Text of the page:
From Wikipedia on SLI (not sure if this is correct...)

In an SLI configuration, cards can be of mixed manufacturers, card model names, BIOS revisions or clock speeds. However, they must be of the same GPU series (e.g. 8600, 8800) and GPU model name (e.g. GT, GTS, GTX).[15] There are rare exceptions for "mixed SLI" configurations on some cards that only have a matching core codename (e.g. G70, G73, G80, etc), but this is otherwise not possible, and only happens when two matched cards differ only very slightly, an example being a differing amount of video memory, stream processors, or clockspeed. In this case, the slower/lesser card becomes dominant, and the other card matches.

In cases where two cards are not identical, the fastest card – or the card with more memory - will run at the speed of the slower card or disable its additional memory. (Note that while the FAQ still claims different memory size support, the support has been removed since revision 100.xx of Nvidia's Forceware driver suite.[16])

  • Jasarien, please check the notes below. Just read something on wikipedia, they have to be the same type I think, as in GT + GT not GT + GTX and the same model series :-S
    – Ivo Flipse
    Jul 30, 2009 at 15:54
  • 4
    As this is a relevant result on Google for the issue and as this answer was left on an uncertain note, I'd like to provide a bit of closure on it. PhysX can be utilized through any graphics card in the computer even if they are not linked via SLI. Thus, the issue with crossing different series of graphics cards is moot. For any wondering how to select the older card to handle PhysX, the option of which graphics card to use is present in the nVidia control panel under PhysX Settings. I can confirm in my own build that it is possible to use an 8500 GT for PhysX with a 250 GTS for graphics.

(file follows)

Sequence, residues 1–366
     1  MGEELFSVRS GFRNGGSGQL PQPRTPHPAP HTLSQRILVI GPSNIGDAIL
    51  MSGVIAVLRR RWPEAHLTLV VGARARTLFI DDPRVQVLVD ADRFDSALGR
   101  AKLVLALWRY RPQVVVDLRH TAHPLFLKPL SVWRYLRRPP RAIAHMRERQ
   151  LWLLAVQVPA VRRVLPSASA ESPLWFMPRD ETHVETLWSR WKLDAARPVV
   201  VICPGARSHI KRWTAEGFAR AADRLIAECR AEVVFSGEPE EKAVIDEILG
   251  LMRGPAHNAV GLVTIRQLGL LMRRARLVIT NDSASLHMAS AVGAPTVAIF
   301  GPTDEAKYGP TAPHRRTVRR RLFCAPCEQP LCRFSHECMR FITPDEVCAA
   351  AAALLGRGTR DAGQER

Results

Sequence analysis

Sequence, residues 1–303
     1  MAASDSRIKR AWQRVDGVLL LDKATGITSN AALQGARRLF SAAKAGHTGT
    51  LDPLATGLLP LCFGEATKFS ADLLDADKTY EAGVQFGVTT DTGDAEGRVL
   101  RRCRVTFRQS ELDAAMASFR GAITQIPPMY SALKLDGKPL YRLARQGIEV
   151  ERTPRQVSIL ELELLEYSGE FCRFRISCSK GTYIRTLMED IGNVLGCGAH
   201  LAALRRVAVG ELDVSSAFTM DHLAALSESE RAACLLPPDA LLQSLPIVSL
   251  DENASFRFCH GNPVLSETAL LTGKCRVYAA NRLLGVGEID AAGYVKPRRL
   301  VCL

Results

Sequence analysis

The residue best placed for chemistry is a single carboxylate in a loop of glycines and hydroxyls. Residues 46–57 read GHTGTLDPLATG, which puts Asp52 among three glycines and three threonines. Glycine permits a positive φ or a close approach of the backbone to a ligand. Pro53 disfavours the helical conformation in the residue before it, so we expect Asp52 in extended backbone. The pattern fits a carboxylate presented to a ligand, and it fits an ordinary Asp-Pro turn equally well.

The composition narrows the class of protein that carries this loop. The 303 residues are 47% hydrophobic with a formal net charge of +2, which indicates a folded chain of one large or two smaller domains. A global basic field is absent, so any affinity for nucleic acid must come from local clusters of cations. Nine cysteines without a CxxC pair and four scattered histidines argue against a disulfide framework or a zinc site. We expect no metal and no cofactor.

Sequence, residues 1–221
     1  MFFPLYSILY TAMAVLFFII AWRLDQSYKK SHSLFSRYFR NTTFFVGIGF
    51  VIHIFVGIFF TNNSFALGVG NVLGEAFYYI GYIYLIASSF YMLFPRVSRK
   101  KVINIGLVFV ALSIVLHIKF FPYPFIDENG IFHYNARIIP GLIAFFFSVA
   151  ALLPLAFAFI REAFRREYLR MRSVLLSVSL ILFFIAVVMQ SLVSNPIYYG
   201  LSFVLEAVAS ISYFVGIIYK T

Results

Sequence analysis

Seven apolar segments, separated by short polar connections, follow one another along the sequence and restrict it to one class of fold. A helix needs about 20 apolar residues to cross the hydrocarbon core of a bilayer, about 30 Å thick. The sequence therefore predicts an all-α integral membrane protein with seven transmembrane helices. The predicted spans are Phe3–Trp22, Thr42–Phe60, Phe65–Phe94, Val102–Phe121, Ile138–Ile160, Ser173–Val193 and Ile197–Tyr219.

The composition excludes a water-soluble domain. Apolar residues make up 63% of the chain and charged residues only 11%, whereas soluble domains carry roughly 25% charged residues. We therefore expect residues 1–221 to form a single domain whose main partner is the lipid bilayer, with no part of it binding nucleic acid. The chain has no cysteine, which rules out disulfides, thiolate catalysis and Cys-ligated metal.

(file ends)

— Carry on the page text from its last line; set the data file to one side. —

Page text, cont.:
– Emory Bell
    Jan 24, 2010 at 5:26
  • @EmoryBell So an SLI bridge is not necessary in such cases? Mar 19, 2013 at 7:32

This is certainly possible!

Multiple video cards simply require different drivers to be loaded for each card. Since they are not the exact same model, it will be a simple matter to install both of them together. Additional configuration is sometimes required to get multiple identical cards to all work together.

  • 1
    Are you sure the drivers can work simultaneously? I wonder if the nVidia software would recognize that them together. (Hope it does though!)
    – Ivo Flipse
    Jul 30, 2009 at 14:36

Bounty message:

Would this work with 30XX as main GPU and 10XX or 20XX as physics card? What is the state of it in 2021?

Wikipedia says about PhysX:

Initially, video games supporting PhysX were meant to be accelerated by PhysX PPU (expansion cards designed by Ageia). However, after Ageia's acquisition by Nvidia, dedicated PhysX cards have been discontinued in favor of the API being run on CUDA-enabled GeForce GPUs. In both cases, hardware acceleration allowed for the offloading of physics calculations from the CPU, allowing it to perform other tasks instead.

As PhysX has been discontinued, nowadays the question of whether the second GPU can be used for physics calculations all depends on the program that drives these calculations, on whether it supports using CUDA API.

If your program cannot use CUDA API instead of PhysX, then you are blocked.